7. I would love to try Marcus Samuelsson’s cookbooks because his food is so interesting and I always love hearing him talk about food, I’m sure reading his words would be amazing too!

  8. I would love to try Gwenyth Paltrow’s book “it’s all good” because there looks to be lots of super healthy recipes to try. And of course Jamie Oliver ones are great too…love his writing and cookie style

  9. I would want to try The Barefoot Contessa Cookbooks and Yotam Ottolenghi’s Plenty, Jerusalem and of course The Ottolenghi Cookbook.

  10. Right now, I’d want to try books with comfort food (maybe one of the new macaroni and cheese cookbooks I’ve been hearing about, or a soup book) because it’s so cold out.

  11. I just took Ottolenghi’s Jerusalem out from the library and would really like to cook from that. This one looks great too.

  12. I might cook from Save With Jamie, which I’ve been enjoying recently. Or the Balaboosta cookbook, which is also sitting on my shelf waiting for some action!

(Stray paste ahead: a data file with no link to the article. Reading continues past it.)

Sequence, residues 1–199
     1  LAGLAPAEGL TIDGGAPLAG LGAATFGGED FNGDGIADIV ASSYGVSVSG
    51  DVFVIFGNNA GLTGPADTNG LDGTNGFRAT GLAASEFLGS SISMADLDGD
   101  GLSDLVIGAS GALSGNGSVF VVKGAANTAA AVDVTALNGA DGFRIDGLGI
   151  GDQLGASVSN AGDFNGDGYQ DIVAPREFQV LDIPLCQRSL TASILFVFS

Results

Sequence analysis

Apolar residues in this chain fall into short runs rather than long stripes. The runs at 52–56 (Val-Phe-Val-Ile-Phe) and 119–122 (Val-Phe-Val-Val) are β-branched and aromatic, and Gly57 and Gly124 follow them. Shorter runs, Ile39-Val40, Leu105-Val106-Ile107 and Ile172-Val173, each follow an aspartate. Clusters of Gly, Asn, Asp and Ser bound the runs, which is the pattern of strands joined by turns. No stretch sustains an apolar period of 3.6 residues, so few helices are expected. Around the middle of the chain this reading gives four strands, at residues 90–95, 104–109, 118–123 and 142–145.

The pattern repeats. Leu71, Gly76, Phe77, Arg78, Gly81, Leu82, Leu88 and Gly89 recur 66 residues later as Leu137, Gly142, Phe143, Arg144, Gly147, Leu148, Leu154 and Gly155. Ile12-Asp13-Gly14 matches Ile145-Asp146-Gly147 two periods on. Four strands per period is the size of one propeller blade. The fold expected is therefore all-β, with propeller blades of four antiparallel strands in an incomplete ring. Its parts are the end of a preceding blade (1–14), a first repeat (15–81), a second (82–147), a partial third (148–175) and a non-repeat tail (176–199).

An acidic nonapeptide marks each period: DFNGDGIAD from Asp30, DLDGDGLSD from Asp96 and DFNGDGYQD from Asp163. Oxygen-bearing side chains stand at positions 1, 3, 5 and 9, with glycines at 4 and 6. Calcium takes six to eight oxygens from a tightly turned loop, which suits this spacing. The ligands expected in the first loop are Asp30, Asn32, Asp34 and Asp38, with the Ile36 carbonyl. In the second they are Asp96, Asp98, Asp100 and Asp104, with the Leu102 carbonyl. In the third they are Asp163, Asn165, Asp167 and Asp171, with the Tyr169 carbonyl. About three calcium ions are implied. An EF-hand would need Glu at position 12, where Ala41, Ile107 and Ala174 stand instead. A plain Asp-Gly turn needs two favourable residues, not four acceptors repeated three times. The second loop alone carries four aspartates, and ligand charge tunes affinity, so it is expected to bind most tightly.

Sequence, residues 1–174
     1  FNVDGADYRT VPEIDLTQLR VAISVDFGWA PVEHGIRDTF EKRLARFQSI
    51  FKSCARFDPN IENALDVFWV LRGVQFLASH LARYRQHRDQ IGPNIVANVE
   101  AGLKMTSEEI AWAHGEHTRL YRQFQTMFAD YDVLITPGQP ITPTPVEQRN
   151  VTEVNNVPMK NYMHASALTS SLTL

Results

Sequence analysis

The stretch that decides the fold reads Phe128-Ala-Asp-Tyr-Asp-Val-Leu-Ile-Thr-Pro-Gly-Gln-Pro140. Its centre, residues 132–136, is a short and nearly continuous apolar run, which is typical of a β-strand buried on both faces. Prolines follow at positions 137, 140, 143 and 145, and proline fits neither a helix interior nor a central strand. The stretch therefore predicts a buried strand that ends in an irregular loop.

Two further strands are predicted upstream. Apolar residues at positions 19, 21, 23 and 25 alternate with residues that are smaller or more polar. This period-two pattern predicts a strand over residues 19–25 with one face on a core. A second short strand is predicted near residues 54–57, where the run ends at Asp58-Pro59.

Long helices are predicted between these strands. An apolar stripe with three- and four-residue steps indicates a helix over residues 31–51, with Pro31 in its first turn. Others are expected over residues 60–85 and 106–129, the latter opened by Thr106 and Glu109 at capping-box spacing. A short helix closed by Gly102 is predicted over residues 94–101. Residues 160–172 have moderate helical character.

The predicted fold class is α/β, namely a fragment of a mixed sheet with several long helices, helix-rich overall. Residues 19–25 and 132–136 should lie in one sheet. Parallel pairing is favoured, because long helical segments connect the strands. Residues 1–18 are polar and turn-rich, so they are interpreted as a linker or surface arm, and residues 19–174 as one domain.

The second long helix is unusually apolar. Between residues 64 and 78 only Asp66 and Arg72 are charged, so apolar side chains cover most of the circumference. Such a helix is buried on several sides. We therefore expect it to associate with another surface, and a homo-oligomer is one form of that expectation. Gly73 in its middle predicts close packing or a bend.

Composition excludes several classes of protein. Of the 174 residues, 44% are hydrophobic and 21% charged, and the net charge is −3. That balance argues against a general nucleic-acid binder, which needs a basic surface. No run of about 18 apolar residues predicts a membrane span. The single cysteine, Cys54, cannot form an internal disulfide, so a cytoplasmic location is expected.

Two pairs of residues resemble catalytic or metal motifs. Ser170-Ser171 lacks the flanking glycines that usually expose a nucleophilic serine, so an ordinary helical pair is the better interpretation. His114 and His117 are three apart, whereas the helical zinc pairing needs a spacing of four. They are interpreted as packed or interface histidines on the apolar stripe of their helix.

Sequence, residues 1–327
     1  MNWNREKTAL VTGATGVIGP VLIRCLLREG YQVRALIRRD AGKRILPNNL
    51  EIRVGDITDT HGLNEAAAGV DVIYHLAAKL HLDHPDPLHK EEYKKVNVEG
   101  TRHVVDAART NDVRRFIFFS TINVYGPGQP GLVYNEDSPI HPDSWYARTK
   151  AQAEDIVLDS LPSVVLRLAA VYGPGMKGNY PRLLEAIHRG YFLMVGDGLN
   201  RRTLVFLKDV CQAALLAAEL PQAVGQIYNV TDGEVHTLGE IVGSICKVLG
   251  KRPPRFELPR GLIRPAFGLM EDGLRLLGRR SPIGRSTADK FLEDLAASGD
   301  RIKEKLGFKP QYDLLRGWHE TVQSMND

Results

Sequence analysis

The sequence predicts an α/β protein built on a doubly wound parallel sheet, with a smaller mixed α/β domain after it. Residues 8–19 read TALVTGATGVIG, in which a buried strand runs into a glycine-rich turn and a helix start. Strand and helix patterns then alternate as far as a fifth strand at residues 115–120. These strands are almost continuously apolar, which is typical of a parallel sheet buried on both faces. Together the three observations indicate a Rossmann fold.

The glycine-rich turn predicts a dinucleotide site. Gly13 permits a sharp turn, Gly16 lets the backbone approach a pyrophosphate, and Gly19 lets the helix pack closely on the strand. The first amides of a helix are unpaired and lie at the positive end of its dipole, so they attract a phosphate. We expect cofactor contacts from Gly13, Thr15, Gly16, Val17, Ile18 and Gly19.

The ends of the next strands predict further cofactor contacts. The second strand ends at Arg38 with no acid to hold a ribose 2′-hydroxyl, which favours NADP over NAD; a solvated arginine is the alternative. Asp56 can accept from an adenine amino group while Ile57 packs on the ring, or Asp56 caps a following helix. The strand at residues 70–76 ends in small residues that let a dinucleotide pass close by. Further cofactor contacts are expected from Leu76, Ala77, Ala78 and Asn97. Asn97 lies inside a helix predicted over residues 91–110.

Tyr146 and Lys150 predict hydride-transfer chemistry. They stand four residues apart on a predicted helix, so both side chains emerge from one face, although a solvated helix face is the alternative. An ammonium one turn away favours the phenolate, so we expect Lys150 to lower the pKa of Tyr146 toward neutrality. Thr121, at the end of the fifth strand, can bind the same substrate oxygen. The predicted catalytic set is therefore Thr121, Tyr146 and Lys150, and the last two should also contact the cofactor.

(I tweeted too!)

  13. I’d want to try many different cupcake books, starting with Martha Stewart’s cupcakes!!

    Also need to get on with learning how to cook for real, maybe some nice Italian and Spanish food. Can’t live off muffins forever (they are a love and joy to make, but lead to vitamin deficiency).

  14. If I were in a cookbook club, I would want to try Yotam Ottolenghi’s and Sami Tamimi’s other cookbook – Jerusalem: A Cookbook! They look like great cookbooks. Thanks for the chance to win a copy!

  15. If I was in a cookbook club I would love to try cooking from their other book Jerusalem or Alice Eats by Julie V. Looks like such a fun book done in a neat style.

  16. I’d love to have a cookbook party where everyone cooks from the Whitewater cookbooks. I love all of the recipes in these cookbooks so far. I’m currently on maternity leave and my goal is to cook my way through these books.

  17. Those dishes look great! I’ve got the book Plenty on loan at the library. If I were in a cookbook club, I’d want to try fast and easy recipes that suit busy lifestyles.

  18. I would like to cook from any of Nigella Lawson’s cookbooks, well because she is a goddess and it’s fun to figure out the conversions.

  19. I’d like to try this Ottolenghi cookbook because the recipes you prepared (and I’ve read about on all 3 blogs) sound super yummy!